[Updated on: Thu, 20 September 2007 07:19]

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Re: SQL [message #269004 is a reply to message #269001] Thu, 20 September 2007 07:30 Go to previous messageGo to next message
JRowbottom
Messages: 5933
Registered: June 2006
Location: Sunny North Yorkshire, ho...
Senior Member
You don't need to have run the query to generate an explain plan for it.
SQL> explain plan for select sysdate from dual;

Explained.

SQL> select * from table(dbms_xplan.display);

PLAN_TABLE_OUTPUT
--------------------------------------------------------------------------------
Plan hash value: 1388734953

-----------------------------------------------------------------
| Id  | Operation        | Name | Rows  | Cost (%CPU)| Time     |
-----------------------------------------------------------------
|   0 | SELECT STATEMENT |      |     1 |     2   (0)| 00:00:01 |
|   1 |  FAST DUAL       |      |     1 |     2   (0)| 00:00:01 |
-----------------------------------------------------------------

Working out whether indexes would help is one of the things we need the Plan for.

[Updated on: Thu, 20 September 2007 07:30]

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Re: SQL [message #269016 is a reply to message #268831] Thu, 20 September 2007 07:54 Go to previous messageGo to next message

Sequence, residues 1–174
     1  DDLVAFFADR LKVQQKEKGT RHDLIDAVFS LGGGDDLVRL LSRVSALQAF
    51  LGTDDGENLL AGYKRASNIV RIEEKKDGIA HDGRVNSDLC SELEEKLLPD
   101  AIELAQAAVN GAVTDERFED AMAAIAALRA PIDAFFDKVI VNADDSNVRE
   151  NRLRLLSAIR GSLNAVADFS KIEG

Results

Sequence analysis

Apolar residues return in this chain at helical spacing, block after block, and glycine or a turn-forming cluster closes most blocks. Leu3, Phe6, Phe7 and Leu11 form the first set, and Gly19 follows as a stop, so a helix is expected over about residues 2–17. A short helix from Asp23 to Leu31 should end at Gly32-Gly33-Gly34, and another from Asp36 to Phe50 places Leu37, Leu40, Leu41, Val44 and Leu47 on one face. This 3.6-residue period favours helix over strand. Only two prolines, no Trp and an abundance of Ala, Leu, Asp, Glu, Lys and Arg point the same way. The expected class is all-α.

mechos
Messages: 11
Registered: September 2007
Junior Member
PLAN_TABLE_OUTPUT
 
---------------------------------------------------------------------------------
| Id  | Operation            |  Name            | Rows  | Bytes |TempSpc| Cost  |
---------------------------------------------------------------------------------
|   0 | SELECT STATEMENT     |                  |    35M|  2896M|       |   724K|
|   1 |  SORT UNIQUE         |                  |    35M|  2896M|  6309M|   371K|
|*  2 |   HASH JOIN OUTER    |                  |    35M|  2896M|   346M| 18720 |
|*  3 |    HASH JOIN OUTER   |                  |  3949K|   301M|    58M|  9166 |
|*  4 |     TABLE ACCESS FULL| W_ORG_D          |  1164K|    45M|       |  4851 |
|   5 |     TABLE ACCESS FULL| WC_ORG_EXT_XM_D  |  3949K|   146M|       |  1091 |
|   6 |    TABLE ACCESS FULL | W_ORG_FXM        |    10M|    50M|       |  2913 |
---------------------------------------------------------------------------------
 
Predicate Information (identified by operation id):
---------------------------------------------------
 
   2 - access("T373917"."ROW_WID"="T375143"."ACCOUNT_WID"(+))
   3 - access("T373917"."INTEGRATION_ID"="T374137"."ACCOUNT_ID"(+))
   4 - filter("T373917"."ACCNT_FLG"='Y')
 
Note: cpu costing is off
Re: SQL [message #269017 is a reply to message #269016] Thu, 20 September 2007 08:07 Go to previous messageGo to next message
Michel Cadot
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Are you sure you want to return 35 million rows?

Regards
Michel
Re: SQL [message #269020 is a reply to message #269016] Thu, 20 September 2007 08:11 Go to previous messageGo to next message
JRowbottom
Messages: 5933
Registered: June 2006
Location: Sunny North Yorkshire, ho...
Senior Member
Well that explains it - you're query is trying to do a distinct on about 35,000,000 rows. That's not going to finish any time soon.